Jordan McRae slumped back in the folding chair beneath him after a slow-going loss to North Carolina State on Dec. 18.
The slouching body language didn't reflect his stat line. He had just scored a season-high 26 points in the 65-58 loss at Thompson-Boling Arena. What it reflected perfectly, though, was the final score, Tennessee's slow start and the Vols' even slower finish.
It was the second disappointing Tennessee loss in as many games, following a 70-61 loss at No. 12 Wichita State on national television four days earlier.
McRae, surrounded by reporters and suffocated with questions, offered one dejectedly concise response after another.
What he spoke at length about, though, was what clearly was not working.
"I think I've got to try to do a better job of getting everyone involved," McRae said after the stumble against NC State, where he shot 27 percent from the field (6-of-22) and 25 percent from 3 (3-of-12).
"I'm taking a lot of shots right now and it's not helping us," he said. "We're still losing."
He was averaging 19.6 a game after scoring 26 that night, and like he said, it wasn't working. Especially with the Vols averaging just 63 points in their four losses.
True to his word, he got others involved when Tennessee bounced back with a 82-67 win over Morehead State Monday night. He scored a season-low 9 points on just seven attempts from the field. He had five assists.
In his place Josh Richardson scored a season-high 19 points. Derek Reese had a double-double off the bench, with 12 points and 10 boards. Inside, Jeronne Maymon had 16 and Jarnell Stokes added 13.
"I was definitely going into that game looking to pass it more and get people going," McRae said Saturday afternoon before practice at Pratt Pavilion.
The plan worked, and with it, he didn't care what his stat line read.
"A win is a win," McRae said. "Any format you can get a win in, that's the route we're trying to go.
"Sometimes when guys collapse on me I have to make some extra passes. And I'm just making conscious effort of doing that now. Trust that my team will knock down shots, and they do the same thing for me."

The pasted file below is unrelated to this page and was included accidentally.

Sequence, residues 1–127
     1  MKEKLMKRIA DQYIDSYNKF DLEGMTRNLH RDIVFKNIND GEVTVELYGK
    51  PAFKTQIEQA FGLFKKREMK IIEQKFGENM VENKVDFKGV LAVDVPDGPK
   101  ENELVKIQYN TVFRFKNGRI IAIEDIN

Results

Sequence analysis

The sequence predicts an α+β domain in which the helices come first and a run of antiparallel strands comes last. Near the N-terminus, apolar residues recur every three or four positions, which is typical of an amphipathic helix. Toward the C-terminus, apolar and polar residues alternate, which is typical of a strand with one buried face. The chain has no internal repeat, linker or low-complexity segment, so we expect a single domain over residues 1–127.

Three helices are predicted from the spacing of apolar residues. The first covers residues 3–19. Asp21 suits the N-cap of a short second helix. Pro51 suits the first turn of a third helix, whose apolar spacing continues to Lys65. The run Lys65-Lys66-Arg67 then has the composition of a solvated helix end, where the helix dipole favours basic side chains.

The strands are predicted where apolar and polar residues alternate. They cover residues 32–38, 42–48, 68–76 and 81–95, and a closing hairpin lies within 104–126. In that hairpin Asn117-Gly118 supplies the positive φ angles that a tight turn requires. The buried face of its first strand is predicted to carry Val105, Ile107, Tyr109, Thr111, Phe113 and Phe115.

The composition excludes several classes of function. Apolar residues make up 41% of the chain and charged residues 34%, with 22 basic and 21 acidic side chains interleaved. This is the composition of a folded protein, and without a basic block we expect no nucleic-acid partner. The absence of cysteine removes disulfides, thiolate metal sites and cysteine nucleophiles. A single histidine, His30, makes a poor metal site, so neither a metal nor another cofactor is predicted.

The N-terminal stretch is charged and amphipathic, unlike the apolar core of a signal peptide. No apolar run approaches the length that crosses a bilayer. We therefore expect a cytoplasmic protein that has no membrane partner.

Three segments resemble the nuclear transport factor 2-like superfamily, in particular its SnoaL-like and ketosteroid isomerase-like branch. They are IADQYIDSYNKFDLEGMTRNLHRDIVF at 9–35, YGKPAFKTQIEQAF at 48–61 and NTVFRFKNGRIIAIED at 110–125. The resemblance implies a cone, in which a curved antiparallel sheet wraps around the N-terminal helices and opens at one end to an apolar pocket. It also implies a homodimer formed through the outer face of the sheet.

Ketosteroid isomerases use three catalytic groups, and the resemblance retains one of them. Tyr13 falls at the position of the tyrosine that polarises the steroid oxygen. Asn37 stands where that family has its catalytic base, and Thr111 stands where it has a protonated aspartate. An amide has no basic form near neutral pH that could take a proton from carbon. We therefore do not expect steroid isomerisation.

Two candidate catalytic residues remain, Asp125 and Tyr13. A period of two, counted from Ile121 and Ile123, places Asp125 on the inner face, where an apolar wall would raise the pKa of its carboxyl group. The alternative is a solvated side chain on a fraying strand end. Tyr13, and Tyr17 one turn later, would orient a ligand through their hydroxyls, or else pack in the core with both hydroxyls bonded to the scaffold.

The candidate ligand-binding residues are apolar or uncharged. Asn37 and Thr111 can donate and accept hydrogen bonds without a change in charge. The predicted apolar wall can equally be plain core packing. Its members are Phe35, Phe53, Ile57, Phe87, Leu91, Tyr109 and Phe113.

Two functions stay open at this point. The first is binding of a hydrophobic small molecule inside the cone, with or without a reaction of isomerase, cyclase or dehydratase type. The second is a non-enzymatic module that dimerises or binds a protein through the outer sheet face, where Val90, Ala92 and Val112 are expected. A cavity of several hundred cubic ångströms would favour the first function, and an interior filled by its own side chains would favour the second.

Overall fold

Richardson, after leading the Vols in points for the first time this season in the win against Morehead State, said that "conscious effort" by McRae hasn't added any pressure for others to produce.
"That's just trying new stuff," Richardson said. "It's not really a bigger sense of urgency for anyone else, like you have to do this or you have to do that. It's just, you have to step up."
Head coach Cuonzo Martin offered a different solution Saturday: More shots for McRae, more working to get open.
"I think for Jordan, I talked to him about the last game, even in the Wichita State game, I don't think he gets enough shots," Martin said. "But where he has to work is set up to get open. Cuts to get open, screens to get open.
"Guys are so attached, so he has to do a better job screening. So now all of a sudden you release that defense, get backdoor layups. But I think he needs to shoot the ball more."
Martin said McRae production against Morehead State was indicative of how he was defended.
"He goes off the bounce, guys collapse, he pitched it to the open guy," Martin said. "It'll be games like that, but for him, it might not be as many shots as far as field goals, but it has to be more free throws.
"I think that's the other thing he has to work on, getting to the free throw line more."
Against defensive-focused Virginia ― a team that started the season at No. 24 in the Associated Press preseason top 25 and held Tennessee to 38 points in a loss last year in Charlottesville ― the Vols will need more than just McRae contributing on the offensive end Monday night at Thompson-Boling Arena.
Whether it be Richardson, Stokes, Maymon or anyone else, McRae said he has confidence in his teammates, regardless of how many points he's scoring.
"I've always trusted everybody on the court. That's part of it. Every night is not your night. That's just basketball."